I Work With Sexuality, But I’m Not Immune To Sexual Harassment

Woman Before the Mirror by Frans von Mieris, circa 1670, in public domain… because looking into the Internet can feel like living in a hall of mirrors.

This is a continuation of my blog post, Information Is Not An Invitation.

Simply put, just because I work with sexuality materials as a career doesn’t mean I’m magically immune to sexual harassment. That would be cool, but it’s not the case.

As I wrote in my post about sexuality in and out of context,

I hate to be promoting sex positivity on the one hand, and then turn around and tell people “But please leave sexuality out of it in these areas.” But that’s where my damage lies, and part of the way I express my sex positivity is to take care of myself and respect my own boundaries, and hope that in doing so, I model this healthy type of behavior for others.

The “leaving sexuality out” part can mean, for me, not wanting to be hit on in a professional context, or not wanting to see graphic sexual materials when I’m not expecting it. Yes, I know this is The Internet, and you can click on a link and get a visual surprise at any moment. But there’s a difference between a “whoops!” click and someone intentionally sending you sexually explicit materials when you’ve not consented to see them.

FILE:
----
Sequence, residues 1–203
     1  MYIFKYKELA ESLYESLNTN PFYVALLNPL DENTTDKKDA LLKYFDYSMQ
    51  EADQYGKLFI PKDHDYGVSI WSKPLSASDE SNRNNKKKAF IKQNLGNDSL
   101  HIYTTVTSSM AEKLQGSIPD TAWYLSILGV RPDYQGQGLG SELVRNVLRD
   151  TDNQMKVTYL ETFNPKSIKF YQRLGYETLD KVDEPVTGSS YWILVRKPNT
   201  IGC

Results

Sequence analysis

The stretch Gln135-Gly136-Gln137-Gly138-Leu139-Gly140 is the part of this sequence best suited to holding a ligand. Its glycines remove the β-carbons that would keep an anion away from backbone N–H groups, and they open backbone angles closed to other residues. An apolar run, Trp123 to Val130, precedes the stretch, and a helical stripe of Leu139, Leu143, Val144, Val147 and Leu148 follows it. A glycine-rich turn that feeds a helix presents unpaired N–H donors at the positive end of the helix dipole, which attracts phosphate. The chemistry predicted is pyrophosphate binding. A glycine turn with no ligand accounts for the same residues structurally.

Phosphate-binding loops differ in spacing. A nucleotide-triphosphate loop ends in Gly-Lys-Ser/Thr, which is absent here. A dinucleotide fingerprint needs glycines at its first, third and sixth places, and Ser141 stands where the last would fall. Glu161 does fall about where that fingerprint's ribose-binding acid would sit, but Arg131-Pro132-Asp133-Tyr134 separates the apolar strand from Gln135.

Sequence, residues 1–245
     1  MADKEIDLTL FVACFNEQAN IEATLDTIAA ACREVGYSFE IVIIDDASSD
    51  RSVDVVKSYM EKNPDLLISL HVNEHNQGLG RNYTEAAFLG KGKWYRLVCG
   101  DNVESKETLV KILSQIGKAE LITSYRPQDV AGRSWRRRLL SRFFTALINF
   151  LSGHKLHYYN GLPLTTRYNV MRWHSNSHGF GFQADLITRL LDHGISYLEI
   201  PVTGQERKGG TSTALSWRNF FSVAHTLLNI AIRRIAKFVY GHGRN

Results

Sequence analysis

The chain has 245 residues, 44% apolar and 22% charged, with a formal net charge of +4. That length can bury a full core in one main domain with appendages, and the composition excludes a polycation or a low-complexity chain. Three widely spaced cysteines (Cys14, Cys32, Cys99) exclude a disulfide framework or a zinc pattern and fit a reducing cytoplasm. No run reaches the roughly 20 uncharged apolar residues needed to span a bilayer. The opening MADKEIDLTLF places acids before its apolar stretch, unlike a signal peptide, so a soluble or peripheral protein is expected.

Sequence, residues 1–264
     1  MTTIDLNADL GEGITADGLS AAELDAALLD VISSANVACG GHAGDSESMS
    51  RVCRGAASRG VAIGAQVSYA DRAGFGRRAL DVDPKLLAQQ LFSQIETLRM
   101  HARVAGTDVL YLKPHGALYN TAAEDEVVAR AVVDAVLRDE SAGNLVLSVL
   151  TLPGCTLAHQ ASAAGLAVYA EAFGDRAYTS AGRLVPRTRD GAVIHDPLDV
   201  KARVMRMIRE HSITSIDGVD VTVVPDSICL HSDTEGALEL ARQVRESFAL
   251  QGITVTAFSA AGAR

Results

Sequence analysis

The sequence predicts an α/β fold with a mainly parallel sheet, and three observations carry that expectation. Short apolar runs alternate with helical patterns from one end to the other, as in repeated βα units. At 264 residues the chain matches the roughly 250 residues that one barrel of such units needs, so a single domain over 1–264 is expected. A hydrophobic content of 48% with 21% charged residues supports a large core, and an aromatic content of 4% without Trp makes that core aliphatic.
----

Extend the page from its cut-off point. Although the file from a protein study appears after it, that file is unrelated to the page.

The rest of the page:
That is called harassment. Or maybe a micro-aggression, take your pick. The point is, when I consent to see, read, hear, and work with sexual materials as part of my job, that doesn’t mean I’ve given blanket consent for my life to be inundated with sex 24/7. If you think it does, well, reread this post and reconsider how you conceptualize boundaries.

Next up – don’t send dick pics of your brain! Or, why it matters how we use our words.

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